I’ve posted Entry #228 to my weekly Valuation-Informed Indexing column at the Value Walk site. It’s called The Fair-Value P/E10 Number Can Change (Slightly) Over Time.
Juicy Excerpt: A huge benefit of the new strategy is the discipline that it imposes on the investor. Investors following Buy-and-Hold strategies tend to be self-congratulatory when prices increase by 30 percent. They elected to follow a strategy that always calls for large stock allocations and they were rewarded (temporarily) by the market for doing so. The feedback they are receiving is telling them that they have this investing thing figured out! Investors in those circumstances don’t feel much of a need to look too closely into the question of whether those 30 percent gains are truly justified.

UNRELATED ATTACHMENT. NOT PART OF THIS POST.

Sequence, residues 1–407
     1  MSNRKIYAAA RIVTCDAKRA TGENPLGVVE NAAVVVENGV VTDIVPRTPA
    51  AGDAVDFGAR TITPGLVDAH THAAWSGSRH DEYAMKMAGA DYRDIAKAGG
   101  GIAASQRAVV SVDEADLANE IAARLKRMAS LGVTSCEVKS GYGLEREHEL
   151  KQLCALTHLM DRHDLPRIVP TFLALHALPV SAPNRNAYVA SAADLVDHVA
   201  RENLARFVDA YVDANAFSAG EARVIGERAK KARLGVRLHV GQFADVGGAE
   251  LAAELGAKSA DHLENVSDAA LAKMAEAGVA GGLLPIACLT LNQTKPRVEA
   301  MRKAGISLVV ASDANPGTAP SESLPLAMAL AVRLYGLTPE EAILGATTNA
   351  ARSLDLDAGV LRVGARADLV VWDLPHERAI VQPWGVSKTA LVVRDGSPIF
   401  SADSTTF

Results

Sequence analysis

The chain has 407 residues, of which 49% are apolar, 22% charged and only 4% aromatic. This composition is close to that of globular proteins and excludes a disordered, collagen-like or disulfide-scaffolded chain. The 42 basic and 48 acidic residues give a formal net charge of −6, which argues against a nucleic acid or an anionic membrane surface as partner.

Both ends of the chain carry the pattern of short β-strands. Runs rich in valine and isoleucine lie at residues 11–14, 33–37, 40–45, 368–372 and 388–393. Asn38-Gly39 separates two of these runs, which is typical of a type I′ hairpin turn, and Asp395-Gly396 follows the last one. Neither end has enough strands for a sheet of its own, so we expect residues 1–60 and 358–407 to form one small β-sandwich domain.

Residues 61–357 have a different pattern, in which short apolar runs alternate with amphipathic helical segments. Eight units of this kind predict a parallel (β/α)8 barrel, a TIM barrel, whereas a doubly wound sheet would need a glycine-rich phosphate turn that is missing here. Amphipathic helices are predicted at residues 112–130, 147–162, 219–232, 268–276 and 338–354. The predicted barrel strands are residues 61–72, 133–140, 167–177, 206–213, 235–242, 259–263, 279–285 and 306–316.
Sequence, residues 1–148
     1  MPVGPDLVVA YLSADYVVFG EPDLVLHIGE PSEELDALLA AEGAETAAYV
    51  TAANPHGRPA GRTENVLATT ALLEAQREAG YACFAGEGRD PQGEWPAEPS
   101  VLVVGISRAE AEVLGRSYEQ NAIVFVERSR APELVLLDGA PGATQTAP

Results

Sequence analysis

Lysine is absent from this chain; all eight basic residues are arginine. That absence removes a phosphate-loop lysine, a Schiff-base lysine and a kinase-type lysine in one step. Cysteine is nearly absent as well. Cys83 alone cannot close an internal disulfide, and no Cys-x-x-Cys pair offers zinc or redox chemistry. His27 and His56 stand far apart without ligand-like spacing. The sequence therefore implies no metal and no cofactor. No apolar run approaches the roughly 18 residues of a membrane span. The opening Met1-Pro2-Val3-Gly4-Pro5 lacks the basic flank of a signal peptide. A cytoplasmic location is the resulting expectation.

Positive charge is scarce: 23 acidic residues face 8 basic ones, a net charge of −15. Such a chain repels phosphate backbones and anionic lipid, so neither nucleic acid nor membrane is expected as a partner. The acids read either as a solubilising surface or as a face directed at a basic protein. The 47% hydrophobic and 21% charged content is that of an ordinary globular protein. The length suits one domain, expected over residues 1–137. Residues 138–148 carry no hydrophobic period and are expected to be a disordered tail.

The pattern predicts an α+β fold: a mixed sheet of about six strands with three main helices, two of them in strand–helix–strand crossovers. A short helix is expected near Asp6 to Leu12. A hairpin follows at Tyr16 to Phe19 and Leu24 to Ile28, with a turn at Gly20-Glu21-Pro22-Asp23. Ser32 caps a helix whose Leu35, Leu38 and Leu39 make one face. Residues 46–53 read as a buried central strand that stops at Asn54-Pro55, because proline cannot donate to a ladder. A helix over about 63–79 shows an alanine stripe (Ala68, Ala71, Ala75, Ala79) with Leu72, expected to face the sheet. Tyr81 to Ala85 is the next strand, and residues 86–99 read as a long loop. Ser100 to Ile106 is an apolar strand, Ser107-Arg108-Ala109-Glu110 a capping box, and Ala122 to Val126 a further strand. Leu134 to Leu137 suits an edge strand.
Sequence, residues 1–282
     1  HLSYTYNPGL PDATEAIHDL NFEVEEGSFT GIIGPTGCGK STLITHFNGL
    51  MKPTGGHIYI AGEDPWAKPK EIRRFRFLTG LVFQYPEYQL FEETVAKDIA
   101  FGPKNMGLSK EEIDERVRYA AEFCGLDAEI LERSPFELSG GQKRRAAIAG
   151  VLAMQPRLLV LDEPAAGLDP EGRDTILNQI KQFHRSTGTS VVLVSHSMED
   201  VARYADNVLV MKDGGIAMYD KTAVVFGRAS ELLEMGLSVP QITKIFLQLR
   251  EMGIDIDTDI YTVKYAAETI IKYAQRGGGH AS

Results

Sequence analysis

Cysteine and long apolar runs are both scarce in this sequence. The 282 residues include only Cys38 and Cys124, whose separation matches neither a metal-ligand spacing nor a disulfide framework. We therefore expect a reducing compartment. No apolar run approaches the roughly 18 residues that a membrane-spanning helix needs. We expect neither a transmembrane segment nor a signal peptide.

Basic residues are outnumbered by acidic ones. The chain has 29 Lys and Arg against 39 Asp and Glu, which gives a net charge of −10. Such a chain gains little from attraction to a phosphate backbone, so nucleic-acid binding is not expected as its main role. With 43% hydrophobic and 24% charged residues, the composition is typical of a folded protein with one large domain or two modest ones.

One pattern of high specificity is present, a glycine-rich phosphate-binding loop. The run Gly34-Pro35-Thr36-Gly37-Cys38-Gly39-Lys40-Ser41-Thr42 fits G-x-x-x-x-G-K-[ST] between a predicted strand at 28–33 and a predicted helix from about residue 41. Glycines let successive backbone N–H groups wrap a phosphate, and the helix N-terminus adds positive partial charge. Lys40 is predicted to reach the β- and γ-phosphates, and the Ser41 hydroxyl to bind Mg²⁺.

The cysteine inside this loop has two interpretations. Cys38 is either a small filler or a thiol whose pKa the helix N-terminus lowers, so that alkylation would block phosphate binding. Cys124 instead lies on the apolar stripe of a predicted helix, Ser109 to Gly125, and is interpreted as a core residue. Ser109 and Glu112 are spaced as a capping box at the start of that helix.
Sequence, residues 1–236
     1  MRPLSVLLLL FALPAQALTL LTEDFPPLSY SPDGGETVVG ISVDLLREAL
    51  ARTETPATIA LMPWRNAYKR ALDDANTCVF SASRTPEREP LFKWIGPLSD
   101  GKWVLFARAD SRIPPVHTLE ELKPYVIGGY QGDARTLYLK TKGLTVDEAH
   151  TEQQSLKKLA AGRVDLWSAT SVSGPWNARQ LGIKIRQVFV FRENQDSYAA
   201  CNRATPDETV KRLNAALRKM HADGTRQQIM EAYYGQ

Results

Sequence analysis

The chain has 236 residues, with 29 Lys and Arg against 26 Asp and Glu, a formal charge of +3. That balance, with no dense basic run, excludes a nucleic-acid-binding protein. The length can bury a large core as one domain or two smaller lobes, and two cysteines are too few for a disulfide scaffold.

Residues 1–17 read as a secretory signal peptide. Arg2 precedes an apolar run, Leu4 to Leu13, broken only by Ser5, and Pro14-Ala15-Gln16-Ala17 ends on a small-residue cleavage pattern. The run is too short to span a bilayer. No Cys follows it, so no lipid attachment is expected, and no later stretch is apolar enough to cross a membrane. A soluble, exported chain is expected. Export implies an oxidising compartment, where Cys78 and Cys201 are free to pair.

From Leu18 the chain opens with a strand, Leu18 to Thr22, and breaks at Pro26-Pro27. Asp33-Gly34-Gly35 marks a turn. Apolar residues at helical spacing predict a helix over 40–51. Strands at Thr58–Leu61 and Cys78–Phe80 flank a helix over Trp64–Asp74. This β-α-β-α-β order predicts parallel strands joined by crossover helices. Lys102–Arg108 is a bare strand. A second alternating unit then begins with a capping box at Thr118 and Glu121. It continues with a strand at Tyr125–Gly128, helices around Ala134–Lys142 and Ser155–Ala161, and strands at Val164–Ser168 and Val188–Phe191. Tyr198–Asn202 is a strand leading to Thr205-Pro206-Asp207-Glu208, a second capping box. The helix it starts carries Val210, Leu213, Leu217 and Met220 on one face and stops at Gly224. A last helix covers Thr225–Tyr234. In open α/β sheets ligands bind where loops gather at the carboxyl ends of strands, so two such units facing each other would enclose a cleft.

In contrast, Valuation-Informed Indexers start with a default belief that the market value should only increase by 6.5 percent real each year. They can of course go with some other assumption if they choose. There is no rule that says that a Valuation-Informed Indexer cannot decide for himself that the fair-value P/E10 number has risen to 17 percent or 18 percent or whatever. Still, the default belief in a 6.5 percent return grounds the process of assessing how much stock returns have increased in something real. When you are acting on a belief that stock returns cannot be known in advance, a 30 percent gain is not entirely shocking — it’s a big gain but the numbers say what the numbers say! A Valuation-Informed Indexer understands that the U.S. economy could grow sufficiently productive to support an annual gain of 7 percent or perhaps 8 percent but is highly suspicious of numbers showing a 30 percent gain. That’s a healthy skepticism!